By Sophie Ndungu
Maternity Nurse, Malindi District Hospital
Teaching More ‘Safety in Pregnancy & Childbirth’ Program Director
My patient is 32 years old and has had three deliveries with no living baby. Her first delivery was at home and was a vaginal delivery where the baby was born dead. Her second delivery was a c-section where she ruptured her uterus and bladder and the baby was born dead. Eventually she was discharged from the hospital to go home. At home, she noticed she was leaking urine but not much. She had no idea this could be repaired because she thought it was normal. Her third delivery was also a c-section. Once she arrived at the Malindi Dictrict Hospital, where I work as a nurse, we immediately took her to the operating theatre with a diagnosis of one previous c-section and a ruptured uterus. The third baby was already dead, the uterus and bladder were re ruptured. The uterus and bladder were repaired in the hospital.
While in the hospital, we noticed her fistula (ultimately a hole between the vagina and bladder, which causes an uncontrollable and constant drip of urine from the vagina) and how she was always in a mess of urine. Nobody wanted to be near her because of the bad odor. One day when I was working on the night shift, I went to her bed and we talked a lot. After listening to her story, I found out that during all of her pregnancies she had abdominal massage as early as 3 months into the pregnancy and continuing every day up to 9 months. When she went to have a massage, she was told to not eat anything so that the TBA can easily locate and turn the baby. The massage is done using coconut oil, paraffin, and warm water. When the baby is difficult to “turn” using hands, the massage is done using the heel of the foot.”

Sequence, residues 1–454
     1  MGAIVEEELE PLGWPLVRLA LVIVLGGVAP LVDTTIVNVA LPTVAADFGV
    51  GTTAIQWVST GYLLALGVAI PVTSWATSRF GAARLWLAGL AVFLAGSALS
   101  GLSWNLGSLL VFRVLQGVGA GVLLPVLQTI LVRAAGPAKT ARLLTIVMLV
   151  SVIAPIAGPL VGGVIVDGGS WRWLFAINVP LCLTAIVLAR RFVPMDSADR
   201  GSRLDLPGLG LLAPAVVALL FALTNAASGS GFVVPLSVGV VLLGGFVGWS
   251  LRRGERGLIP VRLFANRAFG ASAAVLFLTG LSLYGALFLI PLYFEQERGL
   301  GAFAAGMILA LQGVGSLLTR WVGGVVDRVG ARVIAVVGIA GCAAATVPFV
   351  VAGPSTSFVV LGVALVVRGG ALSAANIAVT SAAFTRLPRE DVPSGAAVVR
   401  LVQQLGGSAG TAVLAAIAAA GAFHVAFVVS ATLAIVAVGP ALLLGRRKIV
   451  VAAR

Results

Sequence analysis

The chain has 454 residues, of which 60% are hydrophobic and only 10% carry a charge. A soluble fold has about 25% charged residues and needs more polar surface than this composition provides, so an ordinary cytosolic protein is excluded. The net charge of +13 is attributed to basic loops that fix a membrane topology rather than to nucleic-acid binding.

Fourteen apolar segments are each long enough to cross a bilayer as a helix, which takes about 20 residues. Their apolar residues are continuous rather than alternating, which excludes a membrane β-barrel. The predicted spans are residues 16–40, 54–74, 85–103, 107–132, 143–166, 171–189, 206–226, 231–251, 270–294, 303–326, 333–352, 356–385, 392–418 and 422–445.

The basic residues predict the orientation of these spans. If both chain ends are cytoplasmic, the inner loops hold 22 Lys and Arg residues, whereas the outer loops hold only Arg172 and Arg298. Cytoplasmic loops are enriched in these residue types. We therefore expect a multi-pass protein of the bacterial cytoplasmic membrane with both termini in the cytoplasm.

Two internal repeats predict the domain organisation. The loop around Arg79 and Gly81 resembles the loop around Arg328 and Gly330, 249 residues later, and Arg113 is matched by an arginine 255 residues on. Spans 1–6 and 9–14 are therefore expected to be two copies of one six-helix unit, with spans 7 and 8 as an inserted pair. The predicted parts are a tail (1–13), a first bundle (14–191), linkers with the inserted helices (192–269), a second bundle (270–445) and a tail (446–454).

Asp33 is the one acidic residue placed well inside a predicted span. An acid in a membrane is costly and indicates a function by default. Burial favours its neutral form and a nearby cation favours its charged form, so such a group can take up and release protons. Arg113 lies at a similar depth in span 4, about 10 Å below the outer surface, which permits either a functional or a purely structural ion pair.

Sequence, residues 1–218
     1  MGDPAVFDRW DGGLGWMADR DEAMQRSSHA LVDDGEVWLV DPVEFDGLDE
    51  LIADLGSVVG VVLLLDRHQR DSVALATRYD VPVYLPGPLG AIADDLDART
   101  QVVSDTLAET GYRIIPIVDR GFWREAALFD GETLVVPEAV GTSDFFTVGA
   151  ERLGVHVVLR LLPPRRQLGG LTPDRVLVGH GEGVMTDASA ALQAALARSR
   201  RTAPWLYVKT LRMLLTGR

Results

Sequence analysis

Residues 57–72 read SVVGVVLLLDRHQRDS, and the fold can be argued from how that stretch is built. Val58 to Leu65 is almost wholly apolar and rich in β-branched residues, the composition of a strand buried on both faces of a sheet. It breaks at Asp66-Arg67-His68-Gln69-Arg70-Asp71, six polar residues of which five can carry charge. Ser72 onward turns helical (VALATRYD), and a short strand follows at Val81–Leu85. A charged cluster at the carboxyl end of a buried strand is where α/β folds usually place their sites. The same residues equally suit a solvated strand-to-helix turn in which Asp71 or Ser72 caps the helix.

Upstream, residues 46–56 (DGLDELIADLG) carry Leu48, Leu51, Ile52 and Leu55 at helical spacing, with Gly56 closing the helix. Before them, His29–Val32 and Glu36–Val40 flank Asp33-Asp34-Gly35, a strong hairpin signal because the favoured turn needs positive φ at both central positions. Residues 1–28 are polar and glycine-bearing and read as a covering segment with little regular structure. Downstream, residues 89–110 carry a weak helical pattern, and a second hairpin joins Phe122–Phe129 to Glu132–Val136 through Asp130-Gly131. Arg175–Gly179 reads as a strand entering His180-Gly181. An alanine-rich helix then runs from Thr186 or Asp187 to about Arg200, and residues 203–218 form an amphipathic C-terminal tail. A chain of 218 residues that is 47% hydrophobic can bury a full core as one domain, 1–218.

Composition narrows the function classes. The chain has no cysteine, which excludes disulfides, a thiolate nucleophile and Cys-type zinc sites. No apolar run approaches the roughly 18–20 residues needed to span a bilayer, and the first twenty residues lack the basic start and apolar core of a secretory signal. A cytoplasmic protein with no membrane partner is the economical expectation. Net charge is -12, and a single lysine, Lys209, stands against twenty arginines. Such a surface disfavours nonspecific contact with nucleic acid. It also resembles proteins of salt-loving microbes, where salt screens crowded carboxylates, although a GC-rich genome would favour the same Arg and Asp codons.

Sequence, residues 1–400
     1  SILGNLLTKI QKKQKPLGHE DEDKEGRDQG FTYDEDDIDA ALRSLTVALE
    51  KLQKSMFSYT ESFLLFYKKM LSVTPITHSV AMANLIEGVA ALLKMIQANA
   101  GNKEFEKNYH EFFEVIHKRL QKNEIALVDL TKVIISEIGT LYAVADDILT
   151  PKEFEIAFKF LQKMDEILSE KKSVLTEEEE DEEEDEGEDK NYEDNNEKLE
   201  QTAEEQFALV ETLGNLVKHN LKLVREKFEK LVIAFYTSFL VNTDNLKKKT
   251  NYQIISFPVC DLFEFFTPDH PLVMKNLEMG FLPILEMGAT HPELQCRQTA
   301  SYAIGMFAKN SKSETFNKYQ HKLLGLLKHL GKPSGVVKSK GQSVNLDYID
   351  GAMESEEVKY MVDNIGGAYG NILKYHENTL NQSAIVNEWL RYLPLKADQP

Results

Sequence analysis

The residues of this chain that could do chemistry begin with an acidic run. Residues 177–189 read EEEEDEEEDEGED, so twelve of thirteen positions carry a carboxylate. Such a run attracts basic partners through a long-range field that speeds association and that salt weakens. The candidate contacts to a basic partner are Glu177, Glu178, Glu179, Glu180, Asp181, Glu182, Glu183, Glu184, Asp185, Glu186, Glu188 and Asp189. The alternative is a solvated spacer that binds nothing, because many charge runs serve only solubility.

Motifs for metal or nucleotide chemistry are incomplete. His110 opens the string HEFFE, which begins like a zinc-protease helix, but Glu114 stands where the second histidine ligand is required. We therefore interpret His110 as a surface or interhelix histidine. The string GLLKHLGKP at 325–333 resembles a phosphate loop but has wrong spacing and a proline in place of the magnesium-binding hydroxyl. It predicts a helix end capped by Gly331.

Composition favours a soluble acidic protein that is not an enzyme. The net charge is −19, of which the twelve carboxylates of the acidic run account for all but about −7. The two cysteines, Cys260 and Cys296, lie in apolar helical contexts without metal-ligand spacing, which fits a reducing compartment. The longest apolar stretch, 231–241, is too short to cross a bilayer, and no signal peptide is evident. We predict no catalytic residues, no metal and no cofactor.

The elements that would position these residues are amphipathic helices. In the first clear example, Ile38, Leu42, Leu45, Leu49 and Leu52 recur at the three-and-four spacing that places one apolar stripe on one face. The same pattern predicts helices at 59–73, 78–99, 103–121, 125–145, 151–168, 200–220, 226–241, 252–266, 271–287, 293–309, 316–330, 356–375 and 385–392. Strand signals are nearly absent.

After all of these massages, my patient has no living baby. Her fistula is beyond repair, and she will leak urine for the rest of her life. Her husband was killed in tribal clashes and her house was burned down. I feel something has to be done by going into the villages where the TBAs are. I feel that after several visits and talks with them, we can change this world. I hope to see more babies born alive rather than dead.”
A NOTE ON ‘ABDOMINAL MASSAGE’
by Danielle Kellem, Teaching More Executive Director
“Abdominal or Maternal Massage” is one of the many problems that plague the tribal women of Kenya. Because of the complete absence of education of the TBAs or “ village midwives” these dangerous and superstitious practices continue. “Massage” obviously causes a multitude of problems including infant death, maternal death due to hemorrhage, ruptured uterus, ruptured bladder, cracked bones, etc. Fistulas are among the long list of problems as well. Women with a constant uncontrollable urine leak soon become shunned and ostracized by the tribe because of the odor. There is no education about how to prevent it or that it can be repaired.
The TBA’s that we have trained have been overjoyed and eager to learn. They have begged us to come back and teach more. They crave the knowledge. They want to be taught.
It may seem a little extreme or idyllic that by teaching them and talking with them “we can change the world” but really, to these women, that’s exactly what it is.